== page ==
What You May Not Know About Veterans Day
Do you know how many veterans we have here in the U.S. or how Veterans Day got its start? Here are some interesting Veterans Day facts from the U.S. Census Bureau.
How Did Veterans Day Begin?
Veterans Day originated as “Armistice Day” on Nov. 11, 1919, the first anniversary of the end of World War I. Congress passed a resolution in 1926 for an annual observance, and Nov. 11 became a national holiday beginning in 1938. President Dwight D. Eisenhower signed legislation in 1954 to change the name to Veterans Day as a way to honor those who served in all American wars. The day honors military veterans with parades and speeches across the nation. A national ceremony takes place at the Tomb of the Unknowns at Arlington National Cemetery in Virginia.
About Our Veterans
21.5 Million: The number of military veterans in the United States in 2011. Source: 2011 American Community Survey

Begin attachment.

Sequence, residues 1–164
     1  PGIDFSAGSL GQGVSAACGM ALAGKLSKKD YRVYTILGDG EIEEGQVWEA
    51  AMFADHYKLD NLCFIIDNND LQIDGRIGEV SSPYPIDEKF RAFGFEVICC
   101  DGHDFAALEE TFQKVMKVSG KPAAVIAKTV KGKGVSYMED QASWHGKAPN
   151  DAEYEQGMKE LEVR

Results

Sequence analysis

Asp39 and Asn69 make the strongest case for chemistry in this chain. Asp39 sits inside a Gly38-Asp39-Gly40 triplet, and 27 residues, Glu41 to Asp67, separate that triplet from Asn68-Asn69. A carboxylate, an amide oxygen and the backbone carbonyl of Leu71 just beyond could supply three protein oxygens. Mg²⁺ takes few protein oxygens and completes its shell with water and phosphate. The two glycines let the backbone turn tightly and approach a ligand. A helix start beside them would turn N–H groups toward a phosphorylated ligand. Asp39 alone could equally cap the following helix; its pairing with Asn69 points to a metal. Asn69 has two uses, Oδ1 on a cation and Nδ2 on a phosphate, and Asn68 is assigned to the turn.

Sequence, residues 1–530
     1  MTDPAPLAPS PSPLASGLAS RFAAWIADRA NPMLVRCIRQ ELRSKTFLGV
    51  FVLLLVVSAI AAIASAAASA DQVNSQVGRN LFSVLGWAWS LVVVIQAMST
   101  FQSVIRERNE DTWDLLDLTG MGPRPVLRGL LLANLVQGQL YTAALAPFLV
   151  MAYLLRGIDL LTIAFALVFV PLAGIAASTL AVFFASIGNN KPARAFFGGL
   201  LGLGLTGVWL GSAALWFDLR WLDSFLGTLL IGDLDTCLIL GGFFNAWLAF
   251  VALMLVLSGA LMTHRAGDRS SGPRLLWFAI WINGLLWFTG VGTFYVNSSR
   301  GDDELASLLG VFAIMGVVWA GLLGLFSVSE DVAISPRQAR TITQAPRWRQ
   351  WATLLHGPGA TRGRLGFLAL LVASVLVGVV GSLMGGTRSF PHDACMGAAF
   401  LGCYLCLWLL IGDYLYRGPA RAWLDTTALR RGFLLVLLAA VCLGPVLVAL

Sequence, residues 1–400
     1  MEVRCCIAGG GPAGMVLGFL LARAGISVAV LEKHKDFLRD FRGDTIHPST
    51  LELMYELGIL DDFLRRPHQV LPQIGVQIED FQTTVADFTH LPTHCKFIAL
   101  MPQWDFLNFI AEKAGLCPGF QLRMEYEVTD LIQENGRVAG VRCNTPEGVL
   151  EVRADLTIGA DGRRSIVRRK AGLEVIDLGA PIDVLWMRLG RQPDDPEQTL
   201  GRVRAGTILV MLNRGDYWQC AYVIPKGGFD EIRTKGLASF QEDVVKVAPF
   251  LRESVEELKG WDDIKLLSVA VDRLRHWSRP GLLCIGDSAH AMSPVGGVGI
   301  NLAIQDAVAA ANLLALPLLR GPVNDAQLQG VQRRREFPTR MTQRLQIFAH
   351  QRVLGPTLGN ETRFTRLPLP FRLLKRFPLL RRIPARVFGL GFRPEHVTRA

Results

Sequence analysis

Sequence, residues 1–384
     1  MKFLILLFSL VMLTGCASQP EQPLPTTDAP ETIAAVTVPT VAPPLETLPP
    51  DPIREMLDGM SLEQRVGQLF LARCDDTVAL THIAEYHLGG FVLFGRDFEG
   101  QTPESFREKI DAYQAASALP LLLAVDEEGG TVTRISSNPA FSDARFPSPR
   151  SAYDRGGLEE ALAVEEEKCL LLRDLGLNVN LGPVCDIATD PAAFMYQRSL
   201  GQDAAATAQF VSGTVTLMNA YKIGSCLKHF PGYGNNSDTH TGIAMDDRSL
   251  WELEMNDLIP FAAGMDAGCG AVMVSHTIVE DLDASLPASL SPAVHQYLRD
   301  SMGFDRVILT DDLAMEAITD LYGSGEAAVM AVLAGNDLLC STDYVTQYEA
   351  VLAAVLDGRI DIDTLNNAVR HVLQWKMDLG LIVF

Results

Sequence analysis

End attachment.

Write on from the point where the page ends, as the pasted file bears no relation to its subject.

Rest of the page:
1.6 Million: The number of female veterans in 2011. Source: 2011 American Community Survey
2.3 Million: The number of black veterans in 2011. Additionally, 1.2 million veterans were Hispanic; 264,695 were Asian; 153,223 were American Indian or Alaska Native; 27,469 were Native Hawaiian or Other Pacific Islander; and 17.2 million were non-Hispanic white. (The numbers for blacks, Asians, American Indians and Alaska Natives, Native Hawaiians and Other Pacific Islanders, and non-Hispanic whites cover only those reporting a single race.) Source: 2011 American Community Survey
9.2 Million: The number of veterans 65 and older in 2011. At the other end of the age spectrum, 1.8 million were younger than 35. Source: 2011 American Community Survey
When They Served
7.5 Million: Number of Vietnam-era veterans in 2011: 5.1 million served during the Gulf War (representing service from Aug. 2, 1990, to present); 1.8 million in World War II (1941-1945); 2.4 million in the Korean War (1950-1953); and 5.4 million in peacetime only. Source: 2011 American Community Survey
Where They Live
3: Number of states with 1 million or more veterans in 2011. These states were California (1.9 million), Florida (1.6 million) and Texas (1.6 million). Source: 2011 American Community Survey